US 6430463 B1
This torque control is a system that controls and monitors the power delivered to a tool without the use of a torque transducer. By monitoring the amount of power being delivered to the tool, a control is able to calculate the amount of torque the tool is generating. This torque system includes a controller, microprocessor, variable frequency drive (VFD) and a power tool. The control is the heart of the system. It is responsible for communicating with the VFD and tool. As the user operates the switches on the tool, the control dictates the frequency at which the VFD will run the tool. While the tool is running, the control also monitors the amount of current that the VFD is providing the tool. For every frequency that the VFD uses to stimulate the tool, the microprocessor can calculate the torque the tool is providing.
1. An apparatus for controlling torque delivered by a transducerless, power driven tool comprising:
a power driven tool;
a variable frequency drive (VFD) providing power to the power driven tool;
a controller connected to the VFD that selects a target frequency for the power the VFD provides the tool, wherein the controller also monitors the power the VFD is providing the tool;
a microprocessor connected to the controller programmed to provide a specific power at a given frequency, programmed with a power to torque curve for each given frequency, programmed to calculate the torque the tool is providing using the curve, and programmed to compare the calculated torque to a target torque; and
means for turning off the power the VFD is providing the tool when the calculated torque reaches the target torque.
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11. A process for controlling torque delivered by a transducerless, power driven tool comprising the steps of:
providing a power driven tool;
powering the power driven tool with a variable frequency drive (VFD);
selecting a target frequency for the power the VFD provides the tool with a controller;
monitoring the power the VFD provides the tool with the controller;
sending signals to the controller with a microprocessor;
programming the microprocessor with a target torque for the tool;
calculating the torque the tool is providing; and
turning off the power the VFD is providing the tool when the calculated torque reaches the target torque.
12. A process according to
programming the microprocessor to provide a specific voltage at a given frequency; and
programming the microprocessor with a power to torque curve for each given frequency.
13. A process according to
comparing the monitored power to the programmed power; and
comparing the monitored power to the power to torque curve.
14. A process according to
This invention relates to a process and apparatus that controls and monitors the power delivered to a tool without the use of a torque transducer. By monitoring the amount of power being delivered to the tool, a control is able to calculate the amount of torque the tool is generating.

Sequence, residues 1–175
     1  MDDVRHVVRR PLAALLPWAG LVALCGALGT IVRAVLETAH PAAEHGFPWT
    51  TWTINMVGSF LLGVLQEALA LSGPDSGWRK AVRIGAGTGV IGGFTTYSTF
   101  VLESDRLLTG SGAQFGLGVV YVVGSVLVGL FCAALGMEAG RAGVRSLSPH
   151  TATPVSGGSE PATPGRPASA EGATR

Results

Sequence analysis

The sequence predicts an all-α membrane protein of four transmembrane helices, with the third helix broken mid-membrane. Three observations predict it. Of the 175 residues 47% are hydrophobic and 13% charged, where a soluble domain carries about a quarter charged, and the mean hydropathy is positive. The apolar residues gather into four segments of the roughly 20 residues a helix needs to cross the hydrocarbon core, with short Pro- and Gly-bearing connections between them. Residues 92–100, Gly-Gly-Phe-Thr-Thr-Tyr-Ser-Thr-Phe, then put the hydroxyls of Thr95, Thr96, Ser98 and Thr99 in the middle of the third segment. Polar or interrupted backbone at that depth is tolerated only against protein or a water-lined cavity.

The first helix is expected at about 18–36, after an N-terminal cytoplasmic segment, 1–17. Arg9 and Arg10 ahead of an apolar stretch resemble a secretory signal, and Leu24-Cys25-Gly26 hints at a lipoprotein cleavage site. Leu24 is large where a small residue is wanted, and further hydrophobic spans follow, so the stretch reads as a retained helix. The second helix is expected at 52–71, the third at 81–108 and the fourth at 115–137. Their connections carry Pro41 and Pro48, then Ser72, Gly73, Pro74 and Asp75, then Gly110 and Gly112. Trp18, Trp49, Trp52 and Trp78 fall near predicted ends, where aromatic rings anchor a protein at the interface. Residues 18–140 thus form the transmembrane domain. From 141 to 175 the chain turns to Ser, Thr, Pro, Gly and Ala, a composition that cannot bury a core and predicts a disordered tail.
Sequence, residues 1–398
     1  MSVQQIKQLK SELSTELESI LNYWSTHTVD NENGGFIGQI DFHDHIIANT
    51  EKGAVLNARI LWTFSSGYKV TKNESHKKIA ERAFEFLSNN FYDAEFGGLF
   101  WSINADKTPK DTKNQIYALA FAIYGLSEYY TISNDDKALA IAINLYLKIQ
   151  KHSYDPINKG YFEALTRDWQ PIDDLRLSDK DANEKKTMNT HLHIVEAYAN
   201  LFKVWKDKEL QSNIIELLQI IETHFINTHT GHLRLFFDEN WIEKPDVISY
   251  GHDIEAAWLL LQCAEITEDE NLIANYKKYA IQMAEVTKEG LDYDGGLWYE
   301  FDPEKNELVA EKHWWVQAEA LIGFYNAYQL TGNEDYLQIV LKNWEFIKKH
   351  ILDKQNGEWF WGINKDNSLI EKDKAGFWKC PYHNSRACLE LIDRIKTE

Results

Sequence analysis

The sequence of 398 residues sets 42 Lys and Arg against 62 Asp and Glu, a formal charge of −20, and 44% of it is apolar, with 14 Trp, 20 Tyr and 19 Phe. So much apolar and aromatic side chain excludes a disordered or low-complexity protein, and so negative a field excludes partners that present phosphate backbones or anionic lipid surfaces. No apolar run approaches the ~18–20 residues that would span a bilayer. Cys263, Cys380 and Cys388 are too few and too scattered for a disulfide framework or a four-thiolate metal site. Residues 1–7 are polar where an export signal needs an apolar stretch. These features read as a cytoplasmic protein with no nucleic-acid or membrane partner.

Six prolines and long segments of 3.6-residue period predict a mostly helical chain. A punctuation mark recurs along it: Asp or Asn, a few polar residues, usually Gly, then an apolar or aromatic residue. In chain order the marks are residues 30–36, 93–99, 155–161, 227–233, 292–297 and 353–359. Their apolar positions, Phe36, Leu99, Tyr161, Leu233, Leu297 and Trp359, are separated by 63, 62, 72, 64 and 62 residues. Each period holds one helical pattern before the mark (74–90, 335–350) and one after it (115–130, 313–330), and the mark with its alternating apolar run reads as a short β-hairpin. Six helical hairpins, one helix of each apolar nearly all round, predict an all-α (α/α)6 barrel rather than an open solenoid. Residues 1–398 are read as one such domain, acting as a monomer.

Preciseness and consistency of torque are very important to mass production operations, such as automobile assembly plants. Power tool applied torque to threaded fasteners must be consistent. Industry typically incorporates the torque measuring or controlling device into the power tool. This is costly as torque transducers are very expensive. Also, this approach often has been unsatisfactory because the measurement is not direct enough. These attempts often lead to large, bulky tools.
For example, in a typical power tool, an input shaft applies torque to a spindle through a series of bevel gears on the shaft and spindle. A transducer measures the torque on the spindle through a torsionally resilient device strain gauges, a gear case, planet gears and ring gears. This circuitous path at best provides a slow response to peak torque values. Measuring torque without a transducer would provide a huge cost savings.
This torque system includes a controller, microprocessor, variable frequency drive (VFD) and a power tool. The control is the heart of the system. It is responsible for communicating with the VFD, tool, keypad and display. As the user operates the switches on the tool, the control dictates the frequency at which the VFD will run the tool. While the tool is running, the control also monitors the amount of current that the VFD is providing the tool. For every frequency that the VFD uses to stimulate the tool, a corresponding current to torque curve exists in the control's non-volatile memory. The microprocessor through the control is able to use these current versus torque curves to select the optimal tool frequency and ultimately turn the tool off when the fastener it is driving has reached torque.
FIG. 1 is a block diagram for the torque control system of this invention.
FIG. 2 is a block diagram for the torque control circuit of this invention.
FIG. 3 is a graph of a typical torque versus power curve at lower frequencies.
FIG. 4 is a graph of a typical torque versus power curve at higher frequencies.
FIG. 5 is a schematic view of a conventional power driven tool.
FIG. 6 is a schematic view of a face plate on the invention.
This torque control provides a means of controlling a transducer-less AC tool. By monitoring the amount of power being provided to an AC tool, the control is able to calculate the amount of torque the tool is providing to the joint that is being fastened.
The variable frequency AC drive is capable of producing any frequency from 1 to 1000 Hz at any voltage less than 230 V. The drive is programmed to provide a specific voltage at any given frequency. The output of the drive is three-phase pulse width modulated (PWM) AC. A reactor is placed between the drive and the tool in order to strip the pulses and leave behind a clean AC power source.